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From: Yitzhak Sapir (yitzhaks_at_[hidden])
Date: 2002-10-08 16:10:48

On Tue, 8 Oct 2002, Thorsten Ottosen wrote:

> ----- Original Message -----
> From: "Yitzhak Sapir" <yitzhaks_at_[hidden]>
> > It would also be worthwhile for you to make your interface compile with
> > Visual C++ 6 (and probably other compilers). For example, the policies
> > classes are partially specialized, and VC 6.5 and others don't accept
> > partially specialized classes. In your case, I think you could use
> > function template overloading to provide a solution to this. (Also take
> > note of the point list example later on).
> year, that's a real pain. People with experience in this area are welcome
> with their
> support. I fear that this could really produce some irritating compiler
> error messages
> when something goes wrong. Anyway, a little example would be appreciated...

VC6.5 cannot accept any class partial specialization. You can specialize
class templates, or not specialize. But not partially specialize. You
can have template member functions and classes. Using this you can turn
some partial class specialization into legal code as far as VC6.5 is
concerned. Function overloading of the type I mentioned regarding
map/multimap for set_cont also works. Try to look up "Poor man's partial
specialization" in google.

> > > [thor]
> > > at first speed wasn't an issue. but my test (see other mail) that there
> is
> > > no overhead in my approach.
> > > I don't think it is unthinkable that a loop could contain
> > >
> > > set_cont( v ) += x,y,z;
> >
> > I either think that they'd be better as a list of explicit push_back()s,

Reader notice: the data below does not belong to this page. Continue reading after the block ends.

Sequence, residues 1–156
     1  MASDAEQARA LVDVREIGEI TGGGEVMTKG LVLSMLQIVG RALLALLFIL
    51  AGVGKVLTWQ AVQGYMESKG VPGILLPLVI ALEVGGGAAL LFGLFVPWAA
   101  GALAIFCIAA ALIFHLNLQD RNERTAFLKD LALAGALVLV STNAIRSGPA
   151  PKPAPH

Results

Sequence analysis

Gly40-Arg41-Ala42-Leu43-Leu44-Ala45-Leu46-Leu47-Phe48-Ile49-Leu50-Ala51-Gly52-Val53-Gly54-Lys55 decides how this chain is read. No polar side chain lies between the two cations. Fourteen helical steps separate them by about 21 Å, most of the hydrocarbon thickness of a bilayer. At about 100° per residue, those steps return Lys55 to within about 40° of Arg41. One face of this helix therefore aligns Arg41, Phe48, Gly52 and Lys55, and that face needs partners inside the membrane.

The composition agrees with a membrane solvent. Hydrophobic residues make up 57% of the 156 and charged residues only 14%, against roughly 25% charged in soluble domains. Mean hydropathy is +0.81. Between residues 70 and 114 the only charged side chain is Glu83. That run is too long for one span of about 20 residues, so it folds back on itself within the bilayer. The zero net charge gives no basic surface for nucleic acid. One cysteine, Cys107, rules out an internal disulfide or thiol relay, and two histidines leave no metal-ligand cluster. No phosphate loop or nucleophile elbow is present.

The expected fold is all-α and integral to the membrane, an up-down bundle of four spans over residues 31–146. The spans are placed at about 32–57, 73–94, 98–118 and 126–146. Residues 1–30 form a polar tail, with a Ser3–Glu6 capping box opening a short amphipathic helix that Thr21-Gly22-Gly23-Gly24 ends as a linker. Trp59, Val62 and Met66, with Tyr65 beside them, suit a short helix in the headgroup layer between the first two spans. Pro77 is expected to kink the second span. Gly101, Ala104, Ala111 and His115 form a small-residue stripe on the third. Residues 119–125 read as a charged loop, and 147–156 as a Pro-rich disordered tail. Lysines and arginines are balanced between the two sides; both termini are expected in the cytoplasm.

> > or that a std::copy(block.begin(), block.end(), std::back_inserter(v));
> > would be better.
> why?

Because either x,y,z have something in common in which case it's more
readable to call them by name and then add them as a group, or they don't,
in which case it's most readable to add them one by one. I can't really
think of examples where you'd need more than that inside a loop.

> > I mean the user
> > will have a problem if he does something like (contrived so you know what
> > the values are supposed to be):
> >
> > std::map<int, int> prime_to_odd; // the nth odd for the nth prime
> > set_cont(prime_to_square) += 2, 1, 3, 3, 5, 5, 7, 11, 9, 13, 11;
> >
> > There's a value missing, but he'd have to carefully work through the list
> > to find out which value is missing.
> and a compile time solution would catch this? Enlighten me.

If you forced the user to add them in pairs somehow, like I do, then the
user wouldn't get into this problem. I can't really think of concise ways
to force the user to do this.

> > > to a compile time error, then maybe the compile time list is better.
> > > However,
> > > its more complicated usage would be much worse than waiting for a
> runtime
> > > initilization error.
> >
> > Compile time errors are always preferable. But very simply, I can't
> > compile your code because it uses template specialization that is not
> > supported by my compiler.
> That depends. If the error msg is 1000 lines of STL unreadable, a runtime